Eighty addiction professionals have signed onto a letter advising President Trump on how to end the nation’s addiction epidemic using the most up to date, effective treatment approaches.
We point out that the dominant addiction treatment system in the United States, with its insistence on abstinence as the only acceptable goal and often with a commitment to abstinence as a condition for entering and remaining in treatment, has failed to help the overwhelming majority of people with substance use disorders. At the moment when most people realize that they have a problem with drugs, they are neither willing nor able to commit to abstinence. This leads to delays in seeking treatment, and as we have seen from the tragic rise in addiction and overdose, these delays can be deadly.
In this letter, we seek to bring to the President’s attention the most effective means to help those who struggle with addiction and prevent further unnecessary suffering and death.
The letter suggests four elements of an effective drug treatment strategy: biomedical, psychological, social, and harm reduction.
Biomedical strategies include the most recent and effective medical treatments to prevent overdose and relapse: access to Naloxone for reversing opioid overdose, methadone and buprenorphine for detoxification and relapse prevention, and the option of naltrexone. The treatment industry’s failure to use these medications effectively has resulted in many an overdose as opioid patients leave rehab facilities just as their cravings hit the highest point and their tolerance is at its lowest. Medications can not only make the detoxification process bearable, they can provide longer term support to prevent relapse and overdose.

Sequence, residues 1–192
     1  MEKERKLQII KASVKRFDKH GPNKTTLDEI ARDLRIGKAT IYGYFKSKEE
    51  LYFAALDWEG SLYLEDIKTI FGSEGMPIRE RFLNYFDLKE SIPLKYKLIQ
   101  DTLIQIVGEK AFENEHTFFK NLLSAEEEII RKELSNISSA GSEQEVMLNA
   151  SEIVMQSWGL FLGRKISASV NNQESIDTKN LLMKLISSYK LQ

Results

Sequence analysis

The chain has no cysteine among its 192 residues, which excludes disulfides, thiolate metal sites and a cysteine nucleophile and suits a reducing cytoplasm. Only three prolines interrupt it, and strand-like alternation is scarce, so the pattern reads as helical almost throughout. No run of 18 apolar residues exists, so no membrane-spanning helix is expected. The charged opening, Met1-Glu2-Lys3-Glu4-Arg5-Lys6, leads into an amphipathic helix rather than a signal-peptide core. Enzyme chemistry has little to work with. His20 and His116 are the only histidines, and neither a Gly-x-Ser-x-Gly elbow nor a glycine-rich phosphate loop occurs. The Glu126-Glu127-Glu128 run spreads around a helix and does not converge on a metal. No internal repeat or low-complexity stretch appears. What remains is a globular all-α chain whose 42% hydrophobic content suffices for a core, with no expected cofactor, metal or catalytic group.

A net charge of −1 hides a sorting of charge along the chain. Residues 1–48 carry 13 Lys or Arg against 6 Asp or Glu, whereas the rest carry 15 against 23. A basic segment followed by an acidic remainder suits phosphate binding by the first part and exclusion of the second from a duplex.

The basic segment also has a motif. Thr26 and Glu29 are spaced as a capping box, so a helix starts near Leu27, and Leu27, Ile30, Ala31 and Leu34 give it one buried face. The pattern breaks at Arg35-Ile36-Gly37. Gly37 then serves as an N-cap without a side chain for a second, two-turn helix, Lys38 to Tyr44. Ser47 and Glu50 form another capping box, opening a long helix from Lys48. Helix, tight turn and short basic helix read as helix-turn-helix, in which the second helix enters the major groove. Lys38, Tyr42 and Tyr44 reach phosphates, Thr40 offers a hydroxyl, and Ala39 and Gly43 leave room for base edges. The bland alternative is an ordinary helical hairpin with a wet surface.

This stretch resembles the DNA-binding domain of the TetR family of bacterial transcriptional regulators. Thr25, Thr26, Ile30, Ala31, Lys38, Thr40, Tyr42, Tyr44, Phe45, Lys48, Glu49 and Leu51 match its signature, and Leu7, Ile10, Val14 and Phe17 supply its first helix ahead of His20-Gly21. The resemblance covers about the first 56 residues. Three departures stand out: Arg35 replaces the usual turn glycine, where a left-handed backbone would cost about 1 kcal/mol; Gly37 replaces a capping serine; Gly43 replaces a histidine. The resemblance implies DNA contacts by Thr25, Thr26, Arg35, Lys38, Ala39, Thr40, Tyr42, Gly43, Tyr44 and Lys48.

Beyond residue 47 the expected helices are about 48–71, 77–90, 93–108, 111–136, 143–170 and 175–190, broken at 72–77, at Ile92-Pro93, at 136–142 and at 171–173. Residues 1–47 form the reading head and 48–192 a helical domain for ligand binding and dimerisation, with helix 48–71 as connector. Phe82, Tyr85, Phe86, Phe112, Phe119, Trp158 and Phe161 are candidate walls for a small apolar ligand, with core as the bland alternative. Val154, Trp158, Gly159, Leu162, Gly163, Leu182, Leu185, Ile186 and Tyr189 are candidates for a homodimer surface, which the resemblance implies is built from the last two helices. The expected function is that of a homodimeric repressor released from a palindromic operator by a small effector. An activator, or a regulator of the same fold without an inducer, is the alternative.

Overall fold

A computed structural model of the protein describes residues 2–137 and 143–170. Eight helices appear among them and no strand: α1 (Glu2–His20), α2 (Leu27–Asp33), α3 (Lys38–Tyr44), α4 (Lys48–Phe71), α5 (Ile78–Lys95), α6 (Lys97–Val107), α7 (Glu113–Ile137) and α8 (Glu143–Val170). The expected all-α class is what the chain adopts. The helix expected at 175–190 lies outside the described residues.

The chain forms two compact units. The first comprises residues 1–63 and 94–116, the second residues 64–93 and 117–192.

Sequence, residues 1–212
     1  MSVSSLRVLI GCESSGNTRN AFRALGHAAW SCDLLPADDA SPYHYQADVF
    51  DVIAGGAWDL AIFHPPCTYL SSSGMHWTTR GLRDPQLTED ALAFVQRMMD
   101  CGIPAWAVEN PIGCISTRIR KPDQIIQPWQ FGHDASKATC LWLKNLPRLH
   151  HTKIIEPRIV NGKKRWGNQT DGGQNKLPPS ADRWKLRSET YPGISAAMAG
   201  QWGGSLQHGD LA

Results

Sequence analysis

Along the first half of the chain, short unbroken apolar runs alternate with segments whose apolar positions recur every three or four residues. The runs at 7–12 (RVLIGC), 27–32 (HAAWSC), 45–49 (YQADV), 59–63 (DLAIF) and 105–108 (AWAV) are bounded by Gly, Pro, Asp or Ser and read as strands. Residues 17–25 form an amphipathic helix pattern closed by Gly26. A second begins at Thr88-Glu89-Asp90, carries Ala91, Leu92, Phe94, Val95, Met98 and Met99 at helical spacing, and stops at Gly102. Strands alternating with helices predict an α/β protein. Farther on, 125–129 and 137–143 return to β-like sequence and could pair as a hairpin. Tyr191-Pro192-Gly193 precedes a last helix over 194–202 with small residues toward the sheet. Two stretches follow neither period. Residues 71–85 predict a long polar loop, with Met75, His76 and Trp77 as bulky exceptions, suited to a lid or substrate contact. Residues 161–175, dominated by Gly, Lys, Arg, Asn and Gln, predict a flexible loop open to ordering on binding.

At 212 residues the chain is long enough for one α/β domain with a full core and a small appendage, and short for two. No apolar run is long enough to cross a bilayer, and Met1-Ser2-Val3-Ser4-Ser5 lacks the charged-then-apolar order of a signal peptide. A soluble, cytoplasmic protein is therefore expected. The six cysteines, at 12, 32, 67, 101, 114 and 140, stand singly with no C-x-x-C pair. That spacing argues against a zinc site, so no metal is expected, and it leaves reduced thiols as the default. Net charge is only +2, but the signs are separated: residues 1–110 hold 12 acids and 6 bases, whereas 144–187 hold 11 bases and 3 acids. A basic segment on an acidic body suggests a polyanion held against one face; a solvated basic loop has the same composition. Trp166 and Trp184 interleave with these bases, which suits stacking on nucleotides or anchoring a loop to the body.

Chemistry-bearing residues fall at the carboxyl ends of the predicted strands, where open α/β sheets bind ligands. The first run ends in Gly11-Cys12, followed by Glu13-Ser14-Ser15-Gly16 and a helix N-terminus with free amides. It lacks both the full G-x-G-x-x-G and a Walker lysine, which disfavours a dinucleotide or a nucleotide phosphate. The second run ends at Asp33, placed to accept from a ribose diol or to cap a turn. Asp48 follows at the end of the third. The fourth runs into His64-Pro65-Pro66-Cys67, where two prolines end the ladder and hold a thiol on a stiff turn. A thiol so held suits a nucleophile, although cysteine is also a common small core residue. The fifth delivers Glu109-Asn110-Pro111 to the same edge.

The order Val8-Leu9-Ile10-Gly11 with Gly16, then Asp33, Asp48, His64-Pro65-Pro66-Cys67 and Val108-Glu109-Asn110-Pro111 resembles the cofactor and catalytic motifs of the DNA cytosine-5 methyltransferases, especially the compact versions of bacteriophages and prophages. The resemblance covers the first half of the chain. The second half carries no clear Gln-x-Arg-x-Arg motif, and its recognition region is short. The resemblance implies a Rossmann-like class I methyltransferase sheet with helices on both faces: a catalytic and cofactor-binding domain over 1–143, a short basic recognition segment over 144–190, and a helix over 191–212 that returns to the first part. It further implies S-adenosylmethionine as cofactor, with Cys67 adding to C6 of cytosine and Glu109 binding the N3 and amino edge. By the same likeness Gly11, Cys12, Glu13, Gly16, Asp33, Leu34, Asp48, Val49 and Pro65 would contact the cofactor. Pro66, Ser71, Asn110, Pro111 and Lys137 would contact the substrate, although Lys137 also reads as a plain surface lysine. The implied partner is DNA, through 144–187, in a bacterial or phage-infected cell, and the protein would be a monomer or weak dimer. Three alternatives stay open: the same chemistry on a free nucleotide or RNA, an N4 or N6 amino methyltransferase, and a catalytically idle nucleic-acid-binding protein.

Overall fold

The psychological strategies we suggest seek to address the underlying emotional issues that drive addiction. Evidence-based interventions including Relapse Prevention, Cognitive-Behavioral Therapy, the Community Reinforcement Approach, Mindfulness-Based Interventions, Motivational Interviewing, Contingency Management, Trauma-focused therapy and Psychodynamic Psychotherapy can each play an important role in a comprehensive approach to addiction treatment. Failure to address the trauma and self-hatred that both spur and stem from addiction increases the chances that relapse will occur. In our own practices, we have seen these evidence-based interventions provide the foundation for lasting recovery.
Social approaches seek to address the fact that the addiction epidemic is largely a result of the breakdown of families, communities and social support. The failed Drug War has only made this problem worse by incarcerating hundreds of thousands of nonviolent drug offenders, breaking up families and leaving children without parents. Interventions ranging from keeping schools open as 18 hour a day social spaces to housing first approaches to homelessness can help address the lack of community and desperate poverty that drive people to turn to drugs.
Harm reduction is a radical departure from the punishment and criminalization that has dominated our nation’s failed drug policy and from traditional abstinence-only treatment. Harm reduction seeks to help people live as safely as possible, causing minimal damage to themselves and society, whether they are using drugs or not. A realistic approach to addiction recognizes that abstinence-only treatment has not worked – most people are not ready to completely give up their drug until they have begun to address the biomedical, psychological and social factors that drive their addiction. Harm reduction approaches can help treatment providers build an alliance with patients and work toward the entire range of positive change goals including safer and reduced use, moderation and abstinence. Preventing deaths by allowing community access to Naloxone, lowering rates of disease transmission and deadly infections by making needle exchange legal, and encouraging treatment providers to meet patients where they are instead of insisting on abstinence as the only goal of treatment will help stop the progression of the addiction epidemic. We need not wait until people who use drugs are homeless, sick or living a life of crime to give them the tools to get well.
We hope to begin a dialogue with the Trump administration so that we can find a way to implement these principles and practices. We offer our expertise and experience as resources in our nation’s fight against the ravages of drug and alcohol addiction and the overdose crisis.
Photo credit: Donald Trump (Mike Blake/Reuters)